Key Concepts In Creative Writing: Palgrave Omissions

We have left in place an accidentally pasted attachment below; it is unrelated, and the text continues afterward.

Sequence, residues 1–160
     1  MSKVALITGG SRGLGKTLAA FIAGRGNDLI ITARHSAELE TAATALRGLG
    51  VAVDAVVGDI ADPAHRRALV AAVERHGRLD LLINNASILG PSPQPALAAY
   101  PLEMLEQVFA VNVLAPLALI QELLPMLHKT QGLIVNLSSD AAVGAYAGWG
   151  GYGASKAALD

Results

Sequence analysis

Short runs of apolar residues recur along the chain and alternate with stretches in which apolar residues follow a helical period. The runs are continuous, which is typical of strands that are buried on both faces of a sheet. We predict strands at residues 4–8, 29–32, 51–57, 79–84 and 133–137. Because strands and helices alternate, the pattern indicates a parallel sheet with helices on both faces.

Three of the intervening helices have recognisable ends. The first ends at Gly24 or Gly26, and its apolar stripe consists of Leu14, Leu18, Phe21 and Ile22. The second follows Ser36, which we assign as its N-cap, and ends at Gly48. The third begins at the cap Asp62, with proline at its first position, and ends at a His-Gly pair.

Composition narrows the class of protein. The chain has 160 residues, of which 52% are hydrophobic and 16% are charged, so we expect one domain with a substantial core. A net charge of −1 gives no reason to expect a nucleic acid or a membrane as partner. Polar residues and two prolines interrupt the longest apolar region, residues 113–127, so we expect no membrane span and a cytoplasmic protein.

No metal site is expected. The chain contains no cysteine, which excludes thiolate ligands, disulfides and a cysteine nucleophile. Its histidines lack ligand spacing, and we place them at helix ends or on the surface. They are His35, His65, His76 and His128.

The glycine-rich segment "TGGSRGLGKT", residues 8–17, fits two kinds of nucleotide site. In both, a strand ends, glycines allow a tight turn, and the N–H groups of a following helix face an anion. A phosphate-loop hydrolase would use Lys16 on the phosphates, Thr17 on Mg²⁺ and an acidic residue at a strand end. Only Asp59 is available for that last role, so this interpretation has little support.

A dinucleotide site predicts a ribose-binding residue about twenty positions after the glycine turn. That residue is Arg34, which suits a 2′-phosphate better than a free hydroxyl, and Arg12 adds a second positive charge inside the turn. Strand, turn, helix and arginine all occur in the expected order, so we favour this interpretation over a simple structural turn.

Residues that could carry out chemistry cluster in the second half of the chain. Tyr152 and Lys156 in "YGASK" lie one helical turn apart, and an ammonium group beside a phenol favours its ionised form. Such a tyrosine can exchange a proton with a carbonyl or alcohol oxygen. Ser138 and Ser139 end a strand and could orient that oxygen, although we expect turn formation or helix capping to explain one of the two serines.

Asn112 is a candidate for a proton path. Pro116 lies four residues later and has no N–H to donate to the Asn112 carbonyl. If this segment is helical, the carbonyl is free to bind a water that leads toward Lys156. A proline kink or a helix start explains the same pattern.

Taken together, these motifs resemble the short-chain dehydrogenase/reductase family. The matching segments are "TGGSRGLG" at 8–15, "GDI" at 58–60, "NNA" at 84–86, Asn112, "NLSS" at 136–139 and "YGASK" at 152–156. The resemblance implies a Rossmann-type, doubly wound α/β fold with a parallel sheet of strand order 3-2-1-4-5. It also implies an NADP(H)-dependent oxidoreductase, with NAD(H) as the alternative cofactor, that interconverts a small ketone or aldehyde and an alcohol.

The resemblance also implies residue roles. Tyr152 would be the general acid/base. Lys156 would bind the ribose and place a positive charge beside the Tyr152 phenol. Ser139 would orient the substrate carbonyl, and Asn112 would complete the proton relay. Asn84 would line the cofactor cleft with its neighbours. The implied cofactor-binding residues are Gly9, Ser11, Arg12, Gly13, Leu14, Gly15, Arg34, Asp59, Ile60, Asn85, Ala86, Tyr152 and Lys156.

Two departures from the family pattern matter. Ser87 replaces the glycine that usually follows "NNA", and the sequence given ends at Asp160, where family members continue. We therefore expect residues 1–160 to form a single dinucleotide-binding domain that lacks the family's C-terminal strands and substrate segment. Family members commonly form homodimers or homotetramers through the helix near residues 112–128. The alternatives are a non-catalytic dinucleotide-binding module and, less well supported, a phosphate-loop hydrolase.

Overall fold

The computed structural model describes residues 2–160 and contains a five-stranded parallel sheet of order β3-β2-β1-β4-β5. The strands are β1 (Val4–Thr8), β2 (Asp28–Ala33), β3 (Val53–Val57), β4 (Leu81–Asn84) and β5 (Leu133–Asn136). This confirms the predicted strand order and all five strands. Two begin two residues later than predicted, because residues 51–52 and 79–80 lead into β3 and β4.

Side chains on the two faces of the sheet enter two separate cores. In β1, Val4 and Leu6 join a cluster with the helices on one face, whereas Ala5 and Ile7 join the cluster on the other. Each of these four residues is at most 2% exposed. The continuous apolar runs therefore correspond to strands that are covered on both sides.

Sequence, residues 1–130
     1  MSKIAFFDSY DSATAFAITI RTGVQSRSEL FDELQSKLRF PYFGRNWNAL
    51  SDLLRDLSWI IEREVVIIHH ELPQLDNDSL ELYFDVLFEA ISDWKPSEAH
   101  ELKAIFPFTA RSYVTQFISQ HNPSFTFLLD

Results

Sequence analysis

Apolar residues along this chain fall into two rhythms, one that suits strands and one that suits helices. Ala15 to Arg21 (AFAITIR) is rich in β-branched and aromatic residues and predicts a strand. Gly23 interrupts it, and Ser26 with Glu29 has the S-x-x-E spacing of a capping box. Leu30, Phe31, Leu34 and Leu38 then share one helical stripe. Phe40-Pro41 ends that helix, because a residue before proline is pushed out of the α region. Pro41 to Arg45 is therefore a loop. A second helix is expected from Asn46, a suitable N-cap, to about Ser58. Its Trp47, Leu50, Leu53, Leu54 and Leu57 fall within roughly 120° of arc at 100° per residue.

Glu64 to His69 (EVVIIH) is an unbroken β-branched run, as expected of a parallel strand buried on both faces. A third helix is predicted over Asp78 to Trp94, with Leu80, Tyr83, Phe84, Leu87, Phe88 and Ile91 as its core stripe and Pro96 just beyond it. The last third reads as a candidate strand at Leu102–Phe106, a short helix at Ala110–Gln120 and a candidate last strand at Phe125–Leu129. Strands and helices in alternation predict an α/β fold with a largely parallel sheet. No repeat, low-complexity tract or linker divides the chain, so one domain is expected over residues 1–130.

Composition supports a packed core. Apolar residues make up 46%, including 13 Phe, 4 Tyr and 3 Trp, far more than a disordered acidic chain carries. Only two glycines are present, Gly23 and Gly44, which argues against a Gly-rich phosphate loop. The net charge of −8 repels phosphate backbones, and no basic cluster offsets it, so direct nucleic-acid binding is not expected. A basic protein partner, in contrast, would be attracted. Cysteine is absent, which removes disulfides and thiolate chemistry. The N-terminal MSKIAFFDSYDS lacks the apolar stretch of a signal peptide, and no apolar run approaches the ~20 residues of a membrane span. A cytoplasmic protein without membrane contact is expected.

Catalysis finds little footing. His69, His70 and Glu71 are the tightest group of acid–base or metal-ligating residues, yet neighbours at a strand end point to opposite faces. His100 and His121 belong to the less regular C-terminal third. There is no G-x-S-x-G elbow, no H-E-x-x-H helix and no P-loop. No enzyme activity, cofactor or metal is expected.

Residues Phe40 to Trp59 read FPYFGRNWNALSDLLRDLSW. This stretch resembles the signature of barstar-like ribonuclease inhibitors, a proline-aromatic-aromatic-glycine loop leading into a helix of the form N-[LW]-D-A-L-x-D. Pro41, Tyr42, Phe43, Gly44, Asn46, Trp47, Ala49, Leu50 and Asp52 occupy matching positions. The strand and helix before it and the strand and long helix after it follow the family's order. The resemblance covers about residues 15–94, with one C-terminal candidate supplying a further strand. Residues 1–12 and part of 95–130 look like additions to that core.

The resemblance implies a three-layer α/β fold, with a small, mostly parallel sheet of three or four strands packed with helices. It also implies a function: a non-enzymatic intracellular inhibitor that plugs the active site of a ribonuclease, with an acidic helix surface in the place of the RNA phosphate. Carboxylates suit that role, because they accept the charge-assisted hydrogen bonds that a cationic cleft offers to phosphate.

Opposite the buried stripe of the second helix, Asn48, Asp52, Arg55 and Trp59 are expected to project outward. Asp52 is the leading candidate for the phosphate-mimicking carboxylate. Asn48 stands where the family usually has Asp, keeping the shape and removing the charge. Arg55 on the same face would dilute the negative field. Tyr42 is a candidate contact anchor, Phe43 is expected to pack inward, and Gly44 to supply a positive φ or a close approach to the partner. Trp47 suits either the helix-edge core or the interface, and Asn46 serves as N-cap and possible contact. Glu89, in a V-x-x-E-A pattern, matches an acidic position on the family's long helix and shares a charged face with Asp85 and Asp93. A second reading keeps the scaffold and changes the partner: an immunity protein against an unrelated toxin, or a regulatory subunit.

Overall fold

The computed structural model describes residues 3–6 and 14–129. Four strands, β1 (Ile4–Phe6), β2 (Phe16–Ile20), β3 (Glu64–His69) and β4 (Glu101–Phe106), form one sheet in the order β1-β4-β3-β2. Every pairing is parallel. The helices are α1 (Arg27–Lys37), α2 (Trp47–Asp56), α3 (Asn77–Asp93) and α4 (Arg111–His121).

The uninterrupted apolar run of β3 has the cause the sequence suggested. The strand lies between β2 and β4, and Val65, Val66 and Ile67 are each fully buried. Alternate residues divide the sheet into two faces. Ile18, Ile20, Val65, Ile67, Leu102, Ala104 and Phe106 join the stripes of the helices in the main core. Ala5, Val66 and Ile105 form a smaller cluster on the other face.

Matt Morrison has done a good job in his recently published Key Concepts In Creative Writing, of compiling terms that relate to writing that could assist students and lecturers of the subject. I balk though at the word "concepts" because what is singularly lacking in the book - a glaring omission it seems to be as a creative writing lecturer - are any concepts at all, relating to the actual subject itself. For one, "Creative Writing" should have had its own entry, discussing the origins of the idea, and how it has emerged into such a popular subject in Britain, having come over from America's Iowa workshops via UEA. Secondly, where is the concept "Workshop" itself? That is like a book on Freud that doesn't mention the analytic couch. Thirdly, there is no discussion of pedagogy. Creative Writing cannot be allowed to drift - in this climate of brutal cuts to Mickey Mouse modules (so-called basket-weaving courses) - as just a place where big name authors take Rooney-sized paydays and mutter anecdotes and offer stale wisdom - but must remain a creative, robust, research-led discipline, complete with its own theories, methodologies, and pedagogical approaches. Palgrave could have done more to assist that process.